The sonic element is the result of the interaction of a computer-spoken activist text and a popular song (as an 'anti-Feminist' anthem in Thaemlitz' interpretation, the song is the polar opposite of any desire for change). The four short sections to the work present the results of the cross-synthesis of these two sources in different ways - most explicitly in the vocal resynthesis of the first section, 'Commentary', and the presentation of the residual sounds that are generally discarded in vocal resynthesis, in the second, 'Resistance'. The written notes for each section refer elliptically to both the techniques used to create the sound and the ideas that these sounds become representative of. Because this is a piece where sound manipulation techniques, and specifically digital ones, enable the realisation of Thaemlitz' intent: the processes that create the music themselves become allegorical of the call for social change (and the way to achieve it) expressed by a Marxist text.

To speak of 'colouring' a sound by filtering it is to employ an analogy to explain the way we perceive the audible result, whereas filtering considered as restructuring refers more directly to the means of achieving a formal change. Morphological descriptions serve analysis of electroacoustic music quite well (e.g. Smalley 1986), perhaps since these ideas centre on form and structure rather than specific properties picked up by sensory perception, such as colour or texture. Cross-synthesis - when the shape of one sound is used to filter the profile of another, provides a result where the way in which form has changed can be deduced: the appeal of hearing the sound of speech cross-synthesized with the sound of water is that we comprehend the nature of the restructuring through some kind of 'before' and 'after' comparison. The nature of the change that has taken place is audible (it can be conjectured from aural clues). Our appreciation of the change relies on the fact that there is something familiar about this strange new object.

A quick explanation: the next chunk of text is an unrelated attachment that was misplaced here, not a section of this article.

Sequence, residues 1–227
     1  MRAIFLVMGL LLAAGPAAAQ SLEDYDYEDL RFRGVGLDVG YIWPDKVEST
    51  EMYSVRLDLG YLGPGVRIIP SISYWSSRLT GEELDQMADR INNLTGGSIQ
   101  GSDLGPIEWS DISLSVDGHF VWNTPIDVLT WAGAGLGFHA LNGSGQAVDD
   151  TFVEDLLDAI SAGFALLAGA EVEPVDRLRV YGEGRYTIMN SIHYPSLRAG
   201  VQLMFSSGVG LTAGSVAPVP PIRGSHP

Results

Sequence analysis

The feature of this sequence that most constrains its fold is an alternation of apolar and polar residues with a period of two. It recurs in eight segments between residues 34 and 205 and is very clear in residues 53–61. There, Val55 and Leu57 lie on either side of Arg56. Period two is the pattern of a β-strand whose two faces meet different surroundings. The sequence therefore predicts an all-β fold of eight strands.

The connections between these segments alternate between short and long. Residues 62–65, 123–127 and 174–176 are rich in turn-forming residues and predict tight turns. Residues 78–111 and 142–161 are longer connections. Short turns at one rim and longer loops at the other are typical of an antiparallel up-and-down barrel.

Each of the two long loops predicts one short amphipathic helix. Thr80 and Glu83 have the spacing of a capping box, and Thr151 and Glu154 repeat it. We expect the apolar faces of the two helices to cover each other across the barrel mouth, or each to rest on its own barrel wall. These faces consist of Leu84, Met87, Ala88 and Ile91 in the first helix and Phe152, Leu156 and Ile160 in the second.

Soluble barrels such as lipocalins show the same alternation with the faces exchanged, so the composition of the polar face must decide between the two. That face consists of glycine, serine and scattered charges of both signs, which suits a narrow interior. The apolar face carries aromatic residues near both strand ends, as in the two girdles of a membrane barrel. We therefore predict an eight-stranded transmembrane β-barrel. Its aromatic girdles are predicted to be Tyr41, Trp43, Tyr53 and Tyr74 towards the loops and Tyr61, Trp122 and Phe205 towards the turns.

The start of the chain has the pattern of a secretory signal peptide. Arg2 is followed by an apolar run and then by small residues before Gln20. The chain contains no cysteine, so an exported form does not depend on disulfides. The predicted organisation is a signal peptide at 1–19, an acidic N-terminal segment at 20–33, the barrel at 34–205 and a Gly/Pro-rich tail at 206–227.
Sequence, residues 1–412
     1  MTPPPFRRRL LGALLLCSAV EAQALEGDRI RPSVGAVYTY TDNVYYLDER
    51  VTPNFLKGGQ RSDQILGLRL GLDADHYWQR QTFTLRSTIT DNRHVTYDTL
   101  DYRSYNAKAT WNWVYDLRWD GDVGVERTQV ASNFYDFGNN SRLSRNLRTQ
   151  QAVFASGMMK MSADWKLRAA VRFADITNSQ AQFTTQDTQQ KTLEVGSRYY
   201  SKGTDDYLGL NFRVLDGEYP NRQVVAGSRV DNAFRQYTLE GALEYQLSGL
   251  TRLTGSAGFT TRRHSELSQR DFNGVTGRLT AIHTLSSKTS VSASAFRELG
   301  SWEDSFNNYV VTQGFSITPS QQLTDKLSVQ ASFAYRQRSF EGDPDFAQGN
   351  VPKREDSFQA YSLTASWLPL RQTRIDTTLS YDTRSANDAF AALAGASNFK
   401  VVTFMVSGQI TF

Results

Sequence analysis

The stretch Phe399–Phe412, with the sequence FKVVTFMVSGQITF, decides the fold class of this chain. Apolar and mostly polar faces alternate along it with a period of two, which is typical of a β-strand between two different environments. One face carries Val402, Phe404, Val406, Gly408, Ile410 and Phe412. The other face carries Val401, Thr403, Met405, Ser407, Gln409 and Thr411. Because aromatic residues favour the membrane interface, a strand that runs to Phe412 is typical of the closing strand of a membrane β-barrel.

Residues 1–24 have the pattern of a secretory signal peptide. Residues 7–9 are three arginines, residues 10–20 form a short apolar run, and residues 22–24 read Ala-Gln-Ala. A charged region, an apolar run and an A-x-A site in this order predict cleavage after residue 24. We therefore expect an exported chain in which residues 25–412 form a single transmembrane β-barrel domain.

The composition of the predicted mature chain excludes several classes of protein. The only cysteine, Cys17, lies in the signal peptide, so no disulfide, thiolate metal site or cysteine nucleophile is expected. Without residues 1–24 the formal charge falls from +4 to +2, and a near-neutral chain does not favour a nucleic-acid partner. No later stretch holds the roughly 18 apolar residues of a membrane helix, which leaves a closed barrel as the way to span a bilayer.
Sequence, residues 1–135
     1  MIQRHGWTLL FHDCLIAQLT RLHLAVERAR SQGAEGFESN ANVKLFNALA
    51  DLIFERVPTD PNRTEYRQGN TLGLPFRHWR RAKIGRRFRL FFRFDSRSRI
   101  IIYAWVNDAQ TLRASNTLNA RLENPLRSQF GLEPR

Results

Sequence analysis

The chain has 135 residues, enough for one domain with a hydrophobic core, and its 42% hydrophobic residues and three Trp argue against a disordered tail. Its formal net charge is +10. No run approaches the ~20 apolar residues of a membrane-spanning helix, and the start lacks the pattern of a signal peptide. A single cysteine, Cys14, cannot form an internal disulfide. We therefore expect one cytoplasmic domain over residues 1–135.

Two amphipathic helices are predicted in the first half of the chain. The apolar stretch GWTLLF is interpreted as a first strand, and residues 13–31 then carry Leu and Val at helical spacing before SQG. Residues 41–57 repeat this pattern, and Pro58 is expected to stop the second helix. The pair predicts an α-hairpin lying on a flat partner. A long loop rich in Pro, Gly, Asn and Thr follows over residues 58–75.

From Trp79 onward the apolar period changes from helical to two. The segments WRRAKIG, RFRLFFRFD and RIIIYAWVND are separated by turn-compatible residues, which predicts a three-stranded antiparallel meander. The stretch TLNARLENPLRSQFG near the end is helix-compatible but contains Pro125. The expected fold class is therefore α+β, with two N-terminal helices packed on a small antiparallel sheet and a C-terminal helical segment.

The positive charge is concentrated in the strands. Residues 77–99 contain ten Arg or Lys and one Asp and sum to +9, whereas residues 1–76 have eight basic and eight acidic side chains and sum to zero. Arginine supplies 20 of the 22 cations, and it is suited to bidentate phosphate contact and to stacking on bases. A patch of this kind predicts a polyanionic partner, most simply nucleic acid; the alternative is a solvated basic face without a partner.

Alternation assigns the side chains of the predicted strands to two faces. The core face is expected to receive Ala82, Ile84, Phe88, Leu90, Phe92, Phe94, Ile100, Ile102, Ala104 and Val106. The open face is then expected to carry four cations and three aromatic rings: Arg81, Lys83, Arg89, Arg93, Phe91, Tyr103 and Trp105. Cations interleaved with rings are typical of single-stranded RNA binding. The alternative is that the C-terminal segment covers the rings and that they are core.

I want to labour this point because I think Thaemlitz achieves something that is still quite extraordinary, and that is to create a truly digital work (as distinct from a work merely realised through digital media). The techniques of digital signal processing themselves become symbols. And because these symbols are dynamic (both the process and perception of cross-synthesis occupy time) they can participate in an aurally realised allegory that is itself temporal, and that is a very interesting kind of music.

    The difficulty, or I guess I should say challenge, is to reconcile the literalness of written text with what might typically be ambiguously-defined abstract electroacoustic audio. I never want my texts or graphics to be simply reiterations of the audio... I want each component... ... to contribute somewhat different discourses around a common theme.
    (Thaemlitz online interview with Christopher Strunz)

The appropriation of a MOR hit is only the most overt of his borrowings. Other borrowings - or rather re-directings - are appropriated from our listening; the nostalgia we feel towards the familiar song, the active deciphering to explain the dynamics of sonic processes (rather than sonic objects, so many coloured balls...), and the way we'll always listen out for some sense of progression. The last section's fragmentary re-mixing of a significant phrase from the song, with words continually cut off mid flow, frozen harmony, and no sense of going anywhere, leaves you almost crying out for change.

Resistance to Change as a purely sonic experience is incomplete - the first thing to do on listening is look at the liner notes to see what it's 'about' - but it is not merely a sonic illustration of a written text, or a setting of a spoken one. The sound does not depict, its role is richer than that, because it pulls us towards a different relationship with the words. We go back and forth between abstract sonic processes and linear text. But this is not an electroacoustic work that plays with the sonic content of the voice as an appealing, abstracted source, because the meaning of the words (not the voice) is hugely significant. Yet neither is it a setting of a text - since the written text is not interpreted by sound. Sound is just one stage in this work's discussion.

Perhaps resistance to change make a covert change in its definition of music. Music here is a reading of ideas, a composed, sequential 'out loud' exploration of thinking. Perhaps this is music as listen-able prose. It sounds like a good read.